Today’s education system is quite different from what it was 10 to 20 years ago.
With the availability of free and affordable educational apps for smartphones and tablets alike, it is even easier for students to learn in the classroom and outside of it. If your child has their own smartphone or tablet computer, or if they borrow yours to do schoolwork, consider the following five apps for helping them excel in their academic endeavors.
Perfect for people of all ages, Lumosity offers a unique brand of daily “brain training” through dozens of different games built around creating cognitive potency. Games focus on skills including speed, attention, flexibility, language and problem solving, and most are fun enough that even young children will be completely engaged as they go for the high score. The app is available for free for iOS and Android in a limited form, but full access is unlocked with additional paid options. If you want to try your hand at sharpening your senses, the $99.95 annual plan provides access for up to five members. To learn more, visit https://lumosity.com.
Flashcards are one of the oldest and most effective tricks to absorbing information for both short-term test-taking and long-term retention. Quizlet has allowed more than one million students and teachers to create their own customized flash cards for countless different subjects. Whether your first grader is having trouble remembering vocabulary or your high schooler needs to memorize the state capitals for a big midterm, Quizlet makes it easier. To learn more, visit https://quizlet.com.
Getting an expensive graphic calculator is one of the necessities of learning math in high school, and while most schools may offer affordable rentals, it creates the potential risk that your student may lose it and you will ultimately have to pay for a new one. Since your student is far more likely to be attached to their phone, consider Appcylon’s GraphCalc app, available for iOS and Windows Phone. The app, which Time Magazine selected as one of its 10 best back-to-school apps for the iPhone, is $1.99 to purchase, but it provides complete access to a fully intuitive graphing calculator capable of solving complex equations. To learn more, visit http://appcilon.squarespace.com.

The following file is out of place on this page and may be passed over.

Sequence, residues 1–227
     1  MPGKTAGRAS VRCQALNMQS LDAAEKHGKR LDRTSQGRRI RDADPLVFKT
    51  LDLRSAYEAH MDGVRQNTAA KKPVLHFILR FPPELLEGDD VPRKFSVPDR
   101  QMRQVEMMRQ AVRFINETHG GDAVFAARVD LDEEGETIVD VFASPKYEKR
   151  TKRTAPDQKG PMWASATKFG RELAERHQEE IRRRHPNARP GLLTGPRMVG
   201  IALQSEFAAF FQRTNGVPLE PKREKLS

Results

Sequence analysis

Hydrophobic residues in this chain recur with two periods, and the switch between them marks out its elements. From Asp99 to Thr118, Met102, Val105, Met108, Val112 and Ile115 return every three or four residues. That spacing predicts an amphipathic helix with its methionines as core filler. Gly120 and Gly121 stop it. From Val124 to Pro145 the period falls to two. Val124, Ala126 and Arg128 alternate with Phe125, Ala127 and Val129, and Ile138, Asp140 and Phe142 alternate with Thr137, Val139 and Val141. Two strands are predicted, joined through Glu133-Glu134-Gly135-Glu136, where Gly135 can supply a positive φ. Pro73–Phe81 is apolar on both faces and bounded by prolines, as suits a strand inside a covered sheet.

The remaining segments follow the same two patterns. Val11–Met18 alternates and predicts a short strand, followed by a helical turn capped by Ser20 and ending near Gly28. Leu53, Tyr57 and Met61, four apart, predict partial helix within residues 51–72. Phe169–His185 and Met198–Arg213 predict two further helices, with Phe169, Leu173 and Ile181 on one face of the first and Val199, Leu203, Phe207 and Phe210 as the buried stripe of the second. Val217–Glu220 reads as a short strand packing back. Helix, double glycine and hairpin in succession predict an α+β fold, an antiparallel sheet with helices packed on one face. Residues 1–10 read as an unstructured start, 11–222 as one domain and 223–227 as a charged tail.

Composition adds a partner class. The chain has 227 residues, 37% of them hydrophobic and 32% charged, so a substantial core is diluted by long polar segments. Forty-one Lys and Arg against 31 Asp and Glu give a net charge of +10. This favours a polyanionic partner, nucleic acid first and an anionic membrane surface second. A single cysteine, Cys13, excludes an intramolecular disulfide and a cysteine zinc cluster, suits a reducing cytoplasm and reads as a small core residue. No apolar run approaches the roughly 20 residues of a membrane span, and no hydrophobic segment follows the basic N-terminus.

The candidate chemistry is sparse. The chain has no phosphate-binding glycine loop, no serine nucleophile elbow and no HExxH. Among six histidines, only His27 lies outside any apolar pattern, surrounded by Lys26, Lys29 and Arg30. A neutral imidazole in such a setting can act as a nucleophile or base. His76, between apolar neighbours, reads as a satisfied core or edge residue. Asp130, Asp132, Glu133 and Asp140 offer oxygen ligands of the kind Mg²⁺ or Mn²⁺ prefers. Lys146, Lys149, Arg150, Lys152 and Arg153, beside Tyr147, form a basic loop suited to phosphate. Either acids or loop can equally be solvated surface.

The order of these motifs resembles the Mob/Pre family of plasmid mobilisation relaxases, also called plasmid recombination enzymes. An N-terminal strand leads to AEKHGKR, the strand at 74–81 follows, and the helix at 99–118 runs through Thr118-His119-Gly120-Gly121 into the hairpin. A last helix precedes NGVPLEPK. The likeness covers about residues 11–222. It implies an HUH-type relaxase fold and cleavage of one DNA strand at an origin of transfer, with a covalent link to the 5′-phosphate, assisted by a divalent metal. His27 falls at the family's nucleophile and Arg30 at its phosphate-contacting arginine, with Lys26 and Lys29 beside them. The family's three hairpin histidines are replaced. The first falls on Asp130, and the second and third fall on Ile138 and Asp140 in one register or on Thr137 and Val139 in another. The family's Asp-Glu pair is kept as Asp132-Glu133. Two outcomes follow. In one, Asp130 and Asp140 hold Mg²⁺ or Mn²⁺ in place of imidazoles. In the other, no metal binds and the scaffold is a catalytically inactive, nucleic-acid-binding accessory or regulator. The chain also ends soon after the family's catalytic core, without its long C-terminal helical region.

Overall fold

The transition from elementary school to middle school can be an overwhelming one with a greater emphasis on individualized disciplines and different periods to account for. This is where an app like Studious, available for free on the Google Play store, comes in handy. Studious was featured on MSNBC as an essential app for college students, but its easy-to-use interface, automatic phone silencing feature and note-taking abilities make it a must-get for middle schoolers and high schoolers as well. To download the app, visit https://play.google.com/store/apps/details?id=com.young.studious&hl=en.
The English language can be an intimidating thing to tackle for students of all ages, but the Dictionary.com app seeks to make new words just a bit easier to understand. This free app, available on the App Store, Amazon AppStore and Google Play, provides definitions for more than 2 million words and has a Word of the Day feature to help your student expand their vocabulary. What’s more, the app offers offline search functionality, meaning that your student can use the app even if they have their phone on airplane mode during school hours. To learn more, visit http://dictionary.com/apps.
Try one or all of these apps to help strengthen your student’s resolve, encourage learning beyond the classroom and see results when the first batch of grades rolls in.
This article is presented by Perkins Motors in Colorado Springs, Colorado.